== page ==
Lou Dorfsman on creativity

“Creativity is essentially a lonely art. An even lonelier struggle. To some a blessing. To others a curse. It is in reality the ability to reach inside yourself and drag forth from your very soul an idea.”

— Lou Dorfsman

W.B. Yeats on magic

“The world is full of magic things, patiently waiting for our senses to grow sharper.”

— W.B. Yeats

Jenny Holzer in 1991

A short excerpt from an interview in a 1991 issue of Blitz magazine with Jenny Holzer:

Targeted by artist and populist propagandist Jenny Holzer in slogans, the capitalist corporations and collectors, the art elite and art-buying banks, respond simply and swiftly: they simply buy the stuff.

Know your enemy is one thing, invest in her is altogether more effective: it not only challenges art’s ability to disturb or subvert, it derides the substance of her work and questions whether Holzer – one of art’s most fêted subversives – has made any genuine impact at all.

“Have I reformed any bankers you mean? It’s a good question. I doubt it. The first hazard of notoriety is that they just think, ‘Oh, maybe I can make some money off this.’ You question if you’re just helping someone make money who probably has a lot of it already…

The work has the most impact anonymously on the street, when they’re not thinking about whether it’s ‘art’ or not. They confront the content. I try to hit the issues which people actually live or die by.”

— (via)

Howard Hawks on directing

“All I’m doing is telling a story. I don’t analyze or do a lot of thinking about it. I work on the fact that if I like somebody and think they’re attractive, I can make them attractive. If I think a thing’s funny, then people laugh at it. If I think a thing’s dramatic, the audience does. I’m very lucky that way. I don’t stop to analyze it. We just made scenes that were fun to do. I think our job is to make entertainment. “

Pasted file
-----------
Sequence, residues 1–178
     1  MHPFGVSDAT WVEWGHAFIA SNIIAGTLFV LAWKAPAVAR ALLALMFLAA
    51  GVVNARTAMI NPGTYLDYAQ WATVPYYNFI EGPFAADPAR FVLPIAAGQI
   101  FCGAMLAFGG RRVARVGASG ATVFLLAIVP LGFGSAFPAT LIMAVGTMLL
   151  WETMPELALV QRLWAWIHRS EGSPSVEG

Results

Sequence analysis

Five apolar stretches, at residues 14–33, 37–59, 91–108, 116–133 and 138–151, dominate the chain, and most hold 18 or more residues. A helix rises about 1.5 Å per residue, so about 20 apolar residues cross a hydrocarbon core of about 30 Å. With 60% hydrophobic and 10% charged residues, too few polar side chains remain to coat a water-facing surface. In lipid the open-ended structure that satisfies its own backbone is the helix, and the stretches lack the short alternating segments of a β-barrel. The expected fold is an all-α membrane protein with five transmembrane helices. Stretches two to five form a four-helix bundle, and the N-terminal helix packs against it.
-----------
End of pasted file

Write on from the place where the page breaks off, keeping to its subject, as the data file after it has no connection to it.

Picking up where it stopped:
— Howard Hawks (via Hawks on Hawks)

Lessons from UbuWeb

“In a world of money-crazed start-ups and surveillance capitalism, copyright madness and abuse, UbuWeb represents an island of culture. It shows what a single person, with dedication and focus, can achieve.

There are lessons to be drawn from this:

  1. Keep it simple and avoid constant technology updates. UbuWeb is plain HTML, written in a text-editor.
  2. Even a website should function offline. One should be able to take the hard disk and run. Avoid the cloud – computers of people you don’t know and who don’t care about you.
  3. Don’t ask for permission. You would have to wait forever, turning yourself into an accountant and a lawyer.
  4. Don’t promise anything. Do it the way you like it.
  5. You don’t need search engines. Rely on word-of-mouth and direct linking to slowly build your public. You don’t need complicated protocols, digital currencies or other proxies. You need people who care.
  6. Everything is temporary, even after 20 years. Servers crash, disks die, life changes and shit happens. Care and redundancy is the only path to longevity.”

UbuWeb, 1996-2024

— (via)

Lou Danziger on process

“I decided, given what I perceived to be the current climate of trendy graphic excess, to solve this problem in the most direct way possible. No color, no graphic devices. I set out to demonstrate the power of the simple poetic image informed by a concept…

One always does one’s best work for the clients who love you.”

— Lou Danziger (via Print Casebooks 9)

Lynda Barry on comp noteboks

“Your composition notebook is a place where the back of your mind knows it can meet up with you. I think of the composition notebook as a place where the back of the mind knows it has a place to come forward. My teacher, Marilyn Frasca, taught me how to do this.”

— Lynda Barry

Alan Fletcher on decorating

“[Robert] Brownjohn had a nice wall in his flat, crap he’d picked off the streets and arranged to make the alphabet. He was very pleased when he found an ‘H’ or whatever. And he had a milk crate that he used as a magazine rack, rolling up the magazines and shoving them in. He was very pleased with it. That’s part of our generation, making do with what’s around, because you couldn’t find anything.”

— Alan Fletcher (via Sex and Typography)

Austin Kleon on seeking

“I’m always trying to seek out things that help me fall in love rather than out of love with the world.”

— Austin Kleon